And then came My So-Called Life. It wasn't perfect, the best TV shows rarely are, but it could do the silly and the soapy and have emotion behind it driving the drama forward. Sometimes it would veer into the weird or melodramatic, but it always felt real, to me. The characters meandered through their lives just trying to succeed and when they couldn't do that, they just wanted to survive. People who acted like jerks didn't suddenly have a light shine on them with a chorus sining "ahhhhhhhh" and realize they should be nice to everyone; they continued to be jerks and didn't ever to explain themselves. That, to me, was real. How often in life to bullies pause to reflect on why they suck before they beat you to a pulp?

For the most part, the kids in the show looked liked the kids I was in school with. Jordan Catalano looked more grown up than Angela and Brian because he was older. (He was left back, twice.)

Also, there was the fact that I was, or wanted to be, the main characters. I wasn't as moody as Angela (At least I don't think I was. You'd have to ask my parents.), but I was thinking about the same things as she was. I wasn't a drunk like Rayanne, but I wanted her freedom and lust for life. I wasn't gay like Rickie, but I was different, in my own way, and wondered about how being different from so many of the other students meant about me and them. I wasn't as into school activities as Sharon was, but I thought about it and how much easier my life could have been if I was. And I neither as smart nor as stupid as Brian, but that was only because I was too shy to blurt things out like he did.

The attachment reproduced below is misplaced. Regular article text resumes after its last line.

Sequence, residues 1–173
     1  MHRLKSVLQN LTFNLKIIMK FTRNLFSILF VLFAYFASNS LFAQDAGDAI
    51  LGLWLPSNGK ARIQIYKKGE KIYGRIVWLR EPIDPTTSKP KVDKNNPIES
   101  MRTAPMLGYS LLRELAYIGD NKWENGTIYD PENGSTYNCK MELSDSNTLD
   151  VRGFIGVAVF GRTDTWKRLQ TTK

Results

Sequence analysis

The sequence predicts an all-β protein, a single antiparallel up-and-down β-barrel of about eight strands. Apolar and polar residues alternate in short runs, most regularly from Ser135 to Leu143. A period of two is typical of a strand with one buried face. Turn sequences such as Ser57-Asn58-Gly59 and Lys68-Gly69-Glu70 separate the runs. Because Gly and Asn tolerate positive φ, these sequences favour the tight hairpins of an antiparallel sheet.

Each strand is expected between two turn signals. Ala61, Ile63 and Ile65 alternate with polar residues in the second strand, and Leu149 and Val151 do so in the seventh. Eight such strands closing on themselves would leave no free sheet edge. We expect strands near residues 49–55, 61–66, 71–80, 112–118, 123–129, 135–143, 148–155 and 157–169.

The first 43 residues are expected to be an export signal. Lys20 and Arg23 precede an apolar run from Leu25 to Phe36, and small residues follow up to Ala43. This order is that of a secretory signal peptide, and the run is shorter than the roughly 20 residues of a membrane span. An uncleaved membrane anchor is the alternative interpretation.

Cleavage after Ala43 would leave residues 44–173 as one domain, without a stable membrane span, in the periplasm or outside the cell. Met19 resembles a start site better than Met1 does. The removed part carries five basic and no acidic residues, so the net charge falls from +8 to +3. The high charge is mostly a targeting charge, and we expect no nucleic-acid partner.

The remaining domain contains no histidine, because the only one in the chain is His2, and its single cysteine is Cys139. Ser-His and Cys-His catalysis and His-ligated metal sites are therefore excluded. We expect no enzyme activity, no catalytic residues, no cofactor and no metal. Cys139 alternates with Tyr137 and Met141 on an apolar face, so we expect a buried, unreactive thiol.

For the six, or so, months it was on, My So-Called Life was my favorite show. When I found out it wasn't coming back, I was disappointed. When I found out that it was being rerun on MTV (a channel I didn't have) and nearly everyone in my class was watching it, I was a bit upset. I remember talking about it was some people after it looped from the last episode back to the first and them wondering when it was going to start again. I said never, because people like them didn't watch it when it was first on TV. They sort of quit talking to me then. I didn't mind though, it was people like them who let it get canceled.

When I had TV, I saw the My So-Called Life was rerun on some teen channel, but at 2 AM. I wasn't going to stay up until 2 AM every night. So, I traded in my receiver for one with a DVR in it. Every morning, before work, I'd watch an episode and I was just as thrilled with them as I was when they first aired. Part of it was the nostalgia, I'm sure, but most of it was the wonderful writing and acting in the show. Clothes and music may change, but the right themes stay relevant for years. In the last issue of "Entertainment Weekly," it was described as a mood piece, which is exactly right.
Here's where I shift gears, drastically and let everyone know that it's coming out on DVD next week and that I don't have any plans to go out an buy it because (HINT!) it's make a great Christmas present.

Tuesday, October 23, 2007